Order of Things
On Ruth Hommelsheim‘s Bewahrungen (Perpetuations)
Thus, in every culture, between the use of what one might call the ordering codes and reflection upon order itself, there is the pure experience of order and of its modes of being. Michel Foucault, The Order of Things
A collection of records, mixed with audiotapes; a cupboard, carefully arranged with CDs; colourful document folders, assembled over many years; shelves in double rows, filled with video-cassettes; a cupboard filled with CDs, its doors fixed with tape cassette-holders; countless photographs of fish…
In her work Bewahrungen (Perpetuations), Ruth Hommelsheim transfers the unremarkable things of a private, everyday archive to a deliberately withdrawn level of subtle contemplation, observation. The concern here is always the presence of spaces of remembrance and their unconscious perception.
One wanders through the serial stratifications of an inverse museum: the collection, made non-public, servesa as the assurance of existence. Knowledge – as order –attaches itself to being.
In dialogue with the absentee (the collector) the question deepens: to what extent are seriality and individuality, order and being ordered, directly connected with personal expression and individual freedom?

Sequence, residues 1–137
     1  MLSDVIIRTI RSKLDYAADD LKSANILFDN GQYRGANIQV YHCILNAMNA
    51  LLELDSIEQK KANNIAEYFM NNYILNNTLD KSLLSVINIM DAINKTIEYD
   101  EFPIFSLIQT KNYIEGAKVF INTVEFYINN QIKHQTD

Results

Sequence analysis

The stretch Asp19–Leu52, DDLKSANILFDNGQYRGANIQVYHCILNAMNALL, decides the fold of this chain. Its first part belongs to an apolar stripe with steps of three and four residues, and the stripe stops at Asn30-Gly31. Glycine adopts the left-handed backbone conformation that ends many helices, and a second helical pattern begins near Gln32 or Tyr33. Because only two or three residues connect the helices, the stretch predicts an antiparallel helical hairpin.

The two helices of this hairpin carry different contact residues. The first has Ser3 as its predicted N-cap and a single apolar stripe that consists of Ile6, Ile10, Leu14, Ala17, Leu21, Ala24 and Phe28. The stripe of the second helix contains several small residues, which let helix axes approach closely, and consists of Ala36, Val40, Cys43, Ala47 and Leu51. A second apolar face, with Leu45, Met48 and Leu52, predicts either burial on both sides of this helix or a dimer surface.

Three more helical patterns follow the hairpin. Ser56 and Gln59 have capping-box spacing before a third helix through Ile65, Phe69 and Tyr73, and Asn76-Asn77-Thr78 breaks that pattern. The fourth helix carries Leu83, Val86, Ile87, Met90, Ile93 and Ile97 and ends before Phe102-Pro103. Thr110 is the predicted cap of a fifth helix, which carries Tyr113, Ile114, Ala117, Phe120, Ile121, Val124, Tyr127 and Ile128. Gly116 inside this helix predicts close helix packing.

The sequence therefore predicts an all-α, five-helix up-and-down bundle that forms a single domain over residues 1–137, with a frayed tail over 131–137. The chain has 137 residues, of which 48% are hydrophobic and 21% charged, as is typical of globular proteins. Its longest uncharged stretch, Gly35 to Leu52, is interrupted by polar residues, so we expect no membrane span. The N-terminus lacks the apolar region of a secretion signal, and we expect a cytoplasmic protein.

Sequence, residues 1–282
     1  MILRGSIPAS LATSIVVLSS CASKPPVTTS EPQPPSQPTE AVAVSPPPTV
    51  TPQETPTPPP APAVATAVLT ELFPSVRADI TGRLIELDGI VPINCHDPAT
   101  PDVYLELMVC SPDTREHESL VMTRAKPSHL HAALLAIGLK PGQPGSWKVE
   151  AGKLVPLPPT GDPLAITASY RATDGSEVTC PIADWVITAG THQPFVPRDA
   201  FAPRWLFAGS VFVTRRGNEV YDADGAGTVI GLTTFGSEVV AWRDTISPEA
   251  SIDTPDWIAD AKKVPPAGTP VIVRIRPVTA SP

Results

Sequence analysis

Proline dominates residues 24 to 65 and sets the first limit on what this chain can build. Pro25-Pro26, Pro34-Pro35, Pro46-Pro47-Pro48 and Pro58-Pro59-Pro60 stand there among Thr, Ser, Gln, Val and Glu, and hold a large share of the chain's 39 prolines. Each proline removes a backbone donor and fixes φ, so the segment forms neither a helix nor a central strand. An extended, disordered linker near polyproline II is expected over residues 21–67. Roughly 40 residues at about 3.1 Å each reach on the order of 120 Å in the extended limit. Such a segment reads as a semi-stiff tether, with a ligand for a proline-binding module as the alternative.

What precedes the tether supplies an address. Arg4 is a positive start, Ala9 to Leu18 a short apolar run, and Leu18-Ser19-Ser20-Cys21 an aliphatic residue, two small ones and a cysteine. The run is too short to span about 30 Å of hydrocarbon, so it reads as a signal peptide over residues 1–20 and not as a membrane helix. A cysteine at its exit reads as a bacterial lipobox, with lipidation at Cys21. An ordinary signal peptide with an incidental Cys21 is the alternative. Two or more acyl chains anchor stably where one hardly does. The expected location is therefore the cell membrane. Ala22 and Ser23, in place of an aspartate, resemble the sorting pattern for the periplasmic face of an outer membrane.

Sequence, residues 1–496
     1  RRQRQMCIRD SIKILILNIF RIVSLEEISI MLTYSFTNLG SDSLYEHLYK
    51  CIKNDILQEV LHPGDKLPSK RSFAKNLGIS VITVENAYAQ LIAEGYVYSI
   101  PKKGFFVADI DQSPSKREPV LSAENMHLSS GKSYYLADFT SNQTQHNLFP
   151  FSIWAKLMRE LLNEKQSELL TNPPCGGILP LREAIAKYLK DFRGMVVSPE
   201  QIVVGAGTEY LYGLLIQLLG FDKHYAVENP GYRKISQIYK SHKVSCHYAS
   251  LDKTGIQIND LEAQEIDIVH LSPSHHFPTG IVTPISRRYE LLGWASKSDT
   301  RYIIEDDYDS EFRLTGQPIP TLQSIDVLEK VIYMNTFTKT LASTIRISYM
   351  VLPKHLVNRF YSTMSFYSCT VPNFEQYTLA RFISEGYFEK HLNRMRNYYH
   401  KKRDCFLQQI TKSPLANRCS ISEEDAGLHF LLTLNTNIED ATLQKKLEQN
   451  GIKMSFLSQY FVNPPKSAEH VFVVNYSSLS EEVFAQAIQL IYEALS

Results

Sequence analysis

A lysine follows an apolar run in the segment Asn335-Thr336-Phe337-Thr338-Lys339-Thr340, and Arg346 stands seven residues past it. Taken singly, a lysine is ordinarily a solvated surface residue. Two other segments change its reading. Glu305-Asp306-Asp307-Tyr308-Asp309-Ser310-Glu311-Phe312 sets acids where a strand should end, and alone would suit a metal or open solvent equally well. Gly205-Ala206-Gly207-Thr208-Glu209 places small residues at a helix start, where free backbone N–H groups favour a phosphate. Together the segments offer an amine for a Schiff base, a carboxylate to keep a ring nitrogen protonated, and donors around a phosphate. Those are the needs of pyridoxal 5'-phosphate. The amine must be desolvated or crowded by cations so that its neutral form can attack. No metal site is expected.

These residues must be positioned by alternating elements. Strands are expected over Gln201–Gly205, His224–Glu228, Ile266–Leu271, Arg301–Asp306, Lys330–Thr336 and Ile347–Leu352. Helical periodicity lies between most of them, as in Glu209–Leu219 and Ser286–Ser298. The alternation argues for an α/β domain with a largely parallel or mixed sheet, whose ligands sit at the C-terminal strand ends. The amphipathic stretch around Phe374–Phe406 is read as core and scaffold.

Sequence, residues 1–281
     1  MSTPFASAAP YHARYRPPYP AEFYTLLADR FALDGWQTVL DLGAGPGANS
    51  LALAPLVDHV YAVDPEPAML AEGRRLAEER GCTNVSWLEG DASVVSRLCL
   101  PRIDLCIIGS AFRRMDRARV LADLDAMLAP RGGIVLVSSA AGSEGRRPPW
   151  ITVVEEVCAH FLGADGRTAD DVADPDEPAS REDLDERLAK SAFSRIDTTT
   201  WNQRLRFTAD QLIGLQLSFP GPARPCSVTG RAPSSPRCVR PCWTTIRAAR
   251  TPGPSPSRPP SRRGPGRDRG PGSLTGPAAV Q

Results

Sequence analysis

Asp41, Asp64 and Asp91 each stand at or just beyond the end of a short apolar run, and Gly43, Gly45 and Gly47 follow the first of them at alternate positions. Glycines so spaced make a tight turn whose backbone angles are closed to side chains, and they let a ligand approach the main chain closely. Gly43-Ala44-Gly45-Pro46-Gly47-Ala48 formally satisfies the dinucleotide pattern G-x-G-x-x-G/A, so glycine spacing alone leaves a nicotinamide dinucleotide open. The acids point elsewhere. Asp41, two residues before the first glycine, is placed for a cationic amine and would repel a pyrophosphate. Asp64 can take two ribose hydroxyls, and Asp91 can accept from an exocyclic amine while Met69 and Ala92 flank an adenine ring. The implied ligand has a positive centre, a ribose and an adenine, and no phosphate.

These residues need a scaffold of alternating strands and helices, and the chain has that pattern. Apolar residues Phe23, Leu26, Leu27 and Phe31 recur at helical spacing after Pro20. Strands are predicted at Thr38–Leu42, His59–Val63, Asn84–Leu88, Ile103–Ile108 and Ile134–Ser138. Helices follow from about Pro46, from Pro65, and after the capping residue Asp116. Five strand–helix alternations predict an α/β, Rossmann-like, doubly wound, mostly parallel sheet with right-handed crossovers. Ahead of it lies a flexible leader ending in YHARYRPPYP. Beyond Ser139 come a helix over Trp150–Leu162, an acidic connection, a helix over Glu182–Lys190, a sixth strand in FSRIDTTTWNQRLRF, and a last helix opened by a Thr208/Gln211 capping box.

Thus, Ruth Hammelsheim‘s works plunge into the filigreed multilayeredness of life, to illuminate, seismographically, the movements behind the order of things. Her image-worlds offer a glimpse behind what appears to us as self-explanatory, opening the question of the coordinate systems of subjective lives.
The collections are directly connected to the artist: originally belonging to her father, they were the iconographic companions to her youth. The photographic medium allows a double movement to appear: from near and far in the field of tension between the I and the other, these images send back even-handed reports. The autobiographical moment is sharply depicted in the aspect of transformation: past presents itself as future potential.
These collections have something in common: their lack of motive. It is precisely this limitedness Ruth Hommelsheim heightens in her works, in order to allow the beholder to glimpse the core of memory: the elapse of time. What is brought to light is what this work breaks open: a field of knowledge comes to life and becomes visible. Beyond their rational value or their objective forms, cognitions carve out their posits, and thus manifest their history.